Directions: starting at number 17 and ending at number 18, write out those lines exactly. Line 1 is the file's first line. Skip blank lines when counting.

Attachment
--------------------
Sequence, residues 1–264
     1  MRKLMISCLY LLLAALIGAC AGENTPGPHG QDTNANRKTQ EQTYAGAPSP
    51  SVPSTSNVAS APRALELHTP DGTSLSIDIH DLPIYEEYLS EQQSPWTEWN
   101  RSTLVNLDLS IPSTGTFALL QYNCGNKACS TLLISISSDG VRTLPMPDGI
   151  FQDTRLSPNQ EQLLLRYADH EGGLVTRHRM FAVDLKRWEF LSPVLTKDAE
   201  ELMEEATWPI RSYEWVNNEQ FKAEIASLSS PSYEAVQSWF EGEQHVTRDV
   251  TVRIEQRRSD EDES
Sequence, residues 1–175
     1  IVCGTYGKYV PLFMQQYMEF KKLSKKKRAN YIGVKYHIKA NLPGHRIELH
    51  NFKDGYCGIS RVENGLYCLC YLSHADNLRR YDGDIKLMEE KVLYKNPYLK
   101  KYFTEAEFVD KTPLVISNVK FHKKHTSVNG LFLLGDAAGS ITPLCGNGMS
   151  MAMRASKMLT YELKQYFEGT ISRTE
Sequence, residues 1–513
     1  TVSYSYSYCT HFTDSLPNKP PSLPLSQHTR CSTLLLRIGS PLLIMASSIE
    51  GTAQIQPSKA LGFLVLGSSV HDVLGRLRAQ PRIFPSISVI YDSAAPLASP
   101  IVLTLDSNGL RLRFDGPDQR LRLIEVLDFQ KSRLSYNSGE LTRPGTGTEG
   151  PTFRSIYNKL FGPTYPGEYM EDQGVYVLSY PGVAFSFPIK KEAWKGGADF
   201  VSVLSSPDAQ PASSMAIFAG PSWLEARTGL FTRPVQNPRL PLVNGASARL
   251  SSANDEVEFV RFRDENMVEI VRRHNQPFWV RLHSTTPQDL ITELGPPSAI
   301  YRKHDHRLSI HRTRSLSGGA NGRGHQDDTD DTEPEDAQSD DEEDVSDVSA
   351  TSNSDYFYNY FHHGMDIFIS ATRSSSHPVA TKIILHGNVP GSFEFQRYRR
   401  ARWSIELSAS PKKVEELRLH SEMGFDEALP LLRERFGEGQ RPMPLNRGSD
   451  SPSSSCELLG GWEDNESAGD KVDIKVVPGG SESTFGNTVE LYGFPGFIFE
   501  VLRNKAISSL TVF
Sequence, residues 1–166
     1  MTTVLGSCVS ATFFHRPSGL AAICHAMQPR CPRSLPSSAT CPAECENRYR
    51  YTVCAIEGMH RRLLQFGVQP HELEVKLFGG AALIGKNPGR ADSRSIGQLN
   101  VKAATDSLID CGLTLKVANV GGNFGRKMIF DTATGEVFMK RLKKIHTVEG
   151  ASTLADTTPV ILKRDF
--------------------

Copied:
   151  PTFRSIYNKL FGPTYPGEYM EDQGVYVLSY PGVAFSFPIK KEAWKGGADF
   201  VSVLSSPDAQ PASSMAIFAG PSWLEARTGL FTRPVQNPRL PLVNGASARL